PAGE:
The fisher journey
Keiko Betcher / Nov 27, 2019 / British Columbia, Fishers, North Cascades, Restoring Wildlife
Getting healthy fishers from Canada to Washington is no simple task—read the story behind their journey that leads them back into the Cascades.
By Keiko Betcher, Communications and Outreach Associate
Huddled into the corner of a wooden box about the size of a file cabinet, a fisher with round ears, whiskers and a long bushy tail waits eagerly to discover its new surroundings. It smells moist and earthy here, and feels a little warmer than where it originally came from.
Slowly, a sliver of light widens at the front of the box, until it is fully open and the fisher’s new home is in full view: large, moss-covered rocks, cozy-looking snags and vibrant green foliage. For the first time in nearly 80 years, it dashes out of the box and into the North Cascades. And this time, it’s finally home.
The story of fishers returning to Washington’s Cascades is likely one you’ve heard before, and one we’re proud to have made possible with the Washington Department of Fish and Wildlife and National Park Service. But fishers make quite the journey to get to here. Starting from way up north in Canada, many partners have allowed this once-extirpated species to come back home to Washington.
For this season’s fishers reintroduced in the North Cascades, their journey begins near Edmonton in northern Alberta. In a partnership with Bushman Inc., an Alberta-based trapping group, we pay fur trappers to live-capture healthy fishers for wildlife restoration.
“They’re really excited about the project and participating in the recovery effort,” said Dave Werntz, Conservation Northwest Science and Conservation Director. “We’ve got a really great team up north, and they really care a lot about the animals.”
This year, the trapping season has gone very well. In just 12 days, trappers already had 16 fishers ready to go.
A stop at the zoo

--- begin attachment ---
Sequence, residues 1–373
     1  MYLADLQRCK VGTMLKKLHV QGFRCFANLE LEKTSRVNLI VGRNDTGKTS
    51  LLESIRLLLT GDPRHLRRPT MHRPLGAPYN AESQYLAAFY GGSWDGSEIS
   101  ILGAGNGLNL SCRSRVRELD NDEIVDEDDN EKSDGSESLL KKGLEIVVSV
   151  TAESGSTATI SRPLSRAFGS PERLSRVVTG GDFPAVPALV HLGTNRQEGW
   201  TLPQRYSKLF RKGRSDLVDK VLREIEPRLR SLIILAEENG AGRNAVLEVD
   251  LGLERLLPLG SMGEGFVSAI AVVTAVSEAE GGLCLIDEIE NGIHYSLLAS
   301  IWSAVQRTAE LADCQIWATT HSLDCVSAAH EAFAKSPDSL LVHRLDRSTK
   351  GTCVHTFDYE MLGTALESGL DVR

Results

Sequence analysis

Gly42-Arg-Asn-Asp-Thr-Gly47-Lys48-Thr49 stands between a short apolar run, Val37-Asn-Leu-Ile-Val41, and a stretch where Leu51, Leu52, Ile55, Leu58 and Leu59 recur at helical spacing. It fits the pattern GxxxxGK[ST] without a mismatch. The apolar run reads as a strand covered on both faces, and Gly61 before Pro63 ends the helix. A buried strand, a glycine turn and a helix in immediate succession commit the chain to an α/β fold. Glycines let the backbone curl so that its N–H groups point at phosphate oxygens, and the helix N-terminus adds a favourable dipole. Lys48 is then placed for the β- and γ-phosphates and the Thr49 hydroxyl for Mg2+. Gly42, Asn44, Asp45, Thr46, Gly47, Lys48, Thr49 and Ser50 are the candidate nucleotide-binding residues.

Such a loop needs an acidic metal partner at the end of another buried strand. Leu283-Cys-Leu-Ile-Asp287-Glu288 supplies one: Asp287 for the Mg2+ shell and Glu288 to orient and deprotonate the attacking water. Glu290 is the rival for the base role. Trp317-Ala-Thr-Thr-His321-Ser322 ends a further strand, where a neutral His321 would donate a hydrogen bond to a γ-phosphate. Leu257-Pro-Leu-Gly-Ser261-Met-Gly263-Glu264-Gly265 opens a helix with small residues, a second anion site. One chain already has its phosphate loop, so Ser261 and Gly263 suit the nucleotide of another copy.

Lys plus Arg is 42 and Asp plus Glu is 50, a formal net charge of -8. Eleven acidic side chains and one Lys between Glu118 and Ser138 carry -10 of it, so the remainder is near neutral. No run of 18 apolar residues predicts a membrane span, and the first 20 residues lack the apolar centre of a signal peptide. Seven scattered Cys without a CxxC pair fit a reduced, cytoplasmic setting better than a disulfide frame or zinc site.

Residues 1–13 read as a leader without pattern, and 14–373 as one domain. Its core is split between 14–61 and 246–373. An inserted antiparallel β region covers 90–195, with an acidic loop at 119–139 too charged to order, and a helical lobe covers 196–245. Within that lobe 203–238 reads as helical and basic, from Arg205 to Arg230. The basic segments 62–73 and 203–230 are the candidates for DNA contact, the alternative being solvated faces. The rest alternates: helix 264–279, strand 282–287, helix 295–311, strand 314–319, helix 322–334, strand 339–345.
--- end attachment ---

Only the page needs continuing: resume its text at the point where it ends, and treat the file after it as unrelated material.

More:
Once trappers retrieve a fisher, they call up the veterinary staff at the Calgary Zoo, and make an arrangement to drop of the fisher and put them into the zoo’s housing facility. Here, it’s somewhat of a paradise for fishers—in a big open pen area, they have plenty of dark, cozy hiding places, space to scurry about, and trees and branches galore. And not to mention, they’re spoiled with tender pieces of moose, beaver meat, and other delicacies.
“As one of Canada’s leading conservation charities, the Calgary Zoo is thrilled to bring our internationally recognized expertise in reintroduction science to such an important conservation initiative,” said Dr. Clement Lanthier, president & CEO of the Calgary Zoo, in a recent news release. “Reintroductions are one of the best tools we have in the fight against species loss and seeing these strong and healthy Alberta carnivores released into pristine forest habitat, is very rewarding.”
But the fishers aren’t ready to head to the Cascades just yet. To make sure they’re fit for reintroductions, vets take detailed notes of each fisher they receive. After carefully and safely anesthetizing it and keeping a watchful eye on its heart rate and temperature, the inspection begins.
Vets look at their teeth—four, or at least three, large incisors in their mouths signal a nice and healthy fisher. They record the fisher’s gender and measure the length of its tail and other body parts. A ridge on top of their head may indicate their age. If it’s a female, vets check for signs of reproduction in the past. They collect tufts of hair for DNA analysis, and take photos of chest blazes, which like their cousins the wolverines, can sometimes be distinct and helpful to identify individuals. They’re combed for parasites and are treated for any maladies.